Negotiating IT contracts in the current Covid-19 setting 


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This article discusses what needs to be done differently given the current issues surrounding buyers and suppliers of IT good and services

Our clients have asked us recently what they should do if they are negotiating a critical new IT contract in light of the uncertainty around Covid-19. Naturally, most of our clients are looking to reduce capital expenditure for the foreseeable future but some have carried on procuring IT goods and services due to the efficiency and long term cost savings that new and innovative IT solutions can offer.

Here are some tips about how to approach such negotiations at this time.

  1. Consider the impact of Covid-19 on the specific project. No IT contract is the same and they will usually include a combination of hardware, software, services and support. If hardware is being procured, what is being used and where it is sourced from must be considered. If the hardware is stored at the contractor's premises locally then it will be easier to source and deliver on time as opposed to transporting it from abroad where there may now be substantial lead times and delivery delays.
  2. Consider whether the contractor's personnel are required to undertake work at any of your premises as this may be challenging. However, this is unlikely to be an issue if you are procuring a cloud based solution and will largely depend on what current restrictions are in place in your local area.
  3. Consider the impact on the contractor's own systems and resources. For example, the support services being sold may be on a 24/7 365 day's basis. Nevertheless you will want to evaluate the impact of Covid-19 on the contractor's resources and assess whether the availability being offered is still possible under the circumstances. Likewise, it would be prudent for you to assess and request evidence of the strength of the contractor's and any of its subcontractor's solvency to ride out these times of uncertainty. This is particularly important if you are being asked to pay any proportion of fees up-front on signing a new IT contract. If the contractor or any of its sub-contractors become insolvent recovering any fees paid in advance can be a long and challenging process and there is always the ultimate risk that nothing can be recovered.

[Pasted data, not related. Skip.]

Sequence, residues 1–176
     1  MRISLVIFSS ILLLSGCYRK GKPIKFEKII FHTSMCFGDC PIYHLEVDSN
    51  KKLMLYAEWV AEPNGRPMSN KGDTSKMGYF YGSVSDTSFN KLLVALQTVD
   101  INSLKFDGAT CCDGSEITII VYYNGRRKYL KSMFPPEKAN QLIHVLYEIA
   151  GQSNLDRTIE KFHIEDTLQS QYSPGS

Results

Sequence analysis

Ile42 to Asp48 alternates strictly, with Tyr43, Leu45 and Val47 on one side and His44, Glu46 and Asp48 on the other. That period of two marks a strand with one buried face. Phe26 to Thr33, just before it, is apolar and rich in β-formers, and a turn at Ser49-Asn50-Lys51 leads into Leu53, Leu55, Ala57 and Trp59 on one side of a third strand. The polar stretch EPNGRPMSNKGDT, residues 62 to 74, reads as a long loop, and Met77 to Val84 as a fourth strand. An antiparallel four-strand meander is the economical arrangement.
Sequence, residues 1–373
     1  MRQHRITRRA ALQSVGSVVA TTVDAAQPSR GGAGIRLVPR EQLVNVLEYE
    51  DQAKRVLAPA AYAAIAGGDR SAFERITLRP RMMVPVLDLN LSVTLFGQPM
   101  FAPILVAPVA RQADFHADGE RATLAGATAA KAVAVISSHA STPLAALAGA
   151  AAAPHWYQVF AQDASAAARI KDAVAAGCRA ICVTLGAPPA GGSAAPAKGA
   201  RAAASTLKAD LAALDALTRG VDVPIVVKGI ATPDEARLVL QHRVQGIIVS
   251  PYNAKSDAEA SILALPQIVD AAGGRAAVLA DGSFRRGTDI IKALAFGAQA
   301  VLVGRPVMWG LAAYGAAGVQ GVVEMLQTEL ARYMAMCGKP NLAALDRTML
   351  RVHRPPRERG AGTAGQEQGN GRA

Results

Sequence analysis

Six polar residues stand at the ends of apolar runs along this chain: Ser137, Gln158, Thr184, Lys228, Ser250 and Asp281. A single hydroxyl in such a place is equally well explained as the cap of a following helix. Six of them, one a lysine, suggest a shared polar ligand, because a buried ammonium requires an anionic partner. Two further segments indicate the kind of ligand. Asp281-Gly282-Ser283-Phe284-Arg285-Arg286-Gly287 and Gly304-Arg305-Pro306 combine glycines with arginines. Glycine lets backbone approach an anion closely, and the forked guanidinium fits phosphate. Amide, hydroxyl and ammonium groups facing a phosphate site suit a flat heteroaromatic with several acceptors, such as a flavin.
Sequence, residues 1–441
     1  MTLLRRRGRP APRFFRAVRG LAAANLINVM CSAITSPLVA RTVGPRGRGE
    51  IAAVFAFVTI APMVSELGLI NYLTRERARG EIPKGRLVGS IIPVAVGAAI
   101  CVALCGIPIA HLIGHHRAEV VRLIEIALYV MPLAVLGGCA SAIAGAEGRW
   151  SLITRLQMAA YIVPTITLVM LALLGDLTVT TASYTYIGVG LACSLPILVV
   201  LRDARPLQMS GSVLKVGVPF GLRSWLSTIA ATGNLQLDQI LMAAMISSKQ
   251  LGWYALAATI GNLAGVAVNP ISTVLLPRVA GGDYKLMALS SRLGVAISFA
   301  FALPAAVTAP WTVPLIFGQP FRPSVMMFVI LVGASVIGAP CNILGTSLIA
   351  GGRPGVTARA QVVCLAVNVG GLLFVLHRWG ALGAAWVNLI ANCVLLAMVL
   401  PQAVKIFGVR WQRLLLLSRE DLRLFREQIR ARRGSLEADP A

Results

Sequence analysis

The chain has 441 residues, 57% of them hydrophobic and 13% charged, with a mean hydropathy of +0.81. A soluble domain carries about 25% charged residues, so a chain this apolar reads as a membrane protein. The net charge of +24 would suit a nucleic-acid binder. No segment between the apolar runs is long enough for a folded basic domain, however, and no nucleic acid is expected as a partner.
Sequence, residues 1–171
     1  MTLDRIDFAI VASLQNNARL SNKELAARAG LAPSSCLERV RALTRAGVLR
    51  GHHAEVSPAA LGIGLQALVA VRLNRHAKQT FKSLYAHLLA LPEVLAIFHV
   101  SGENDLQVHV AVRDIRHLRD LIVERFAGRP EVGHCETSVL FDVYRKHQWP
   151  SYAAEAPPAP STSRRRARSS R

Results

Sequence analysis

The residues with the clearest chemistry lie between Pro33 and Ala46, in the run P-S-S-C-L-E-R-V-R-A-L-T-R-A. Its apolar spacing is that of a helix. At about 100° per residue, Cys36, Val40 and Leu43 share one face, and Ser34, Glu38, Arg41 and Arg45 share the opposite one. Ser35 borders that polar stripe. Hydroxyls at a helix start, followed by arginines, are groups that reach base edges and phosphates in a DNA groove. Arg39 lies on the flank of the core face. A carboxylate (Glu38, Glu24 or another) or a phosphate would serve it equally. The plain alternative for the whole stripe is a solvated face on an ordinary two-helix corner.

Given the above, you may want to add additional provisions relating to the current situation and below are some suggestions.
Applicable Events/Force Majeure

You may wish to include a definition which specifically covers the Covid-19 pandemic and its affects. Possibly include a new Applicable Event(s) definition to cover any delays in delivery to your premises of hardware and/or any delays in implementing the IT solution etc. to the extent they are caused by a coronavirus outbreak (locally or anywhere in the world). Alternatively, you may prefer to expressly exclude the Covid-19 pandemic as a possible force majeure event. Put simply, this would prohibit the contractor from relying on force majeure if, due to a coronavirus outbreak, the contractor fails to perform any of its obligations under the IT contract (e.g. deliver the hardware on time, perform the services in accordance with SLAs etc.). In any event, whether the Covid-19 pandemic is regarded as a force majeure event or not, consider if payment obligations should stop if the contractor's performance is delayed or prevented? This point is often unclear in force majeure provisions so a prudent customer should make sure payment obligations stop if a force majeure event occurs and the contractor's performance is prevented. This could help avoid any payment disputes later down the line.  

Remedies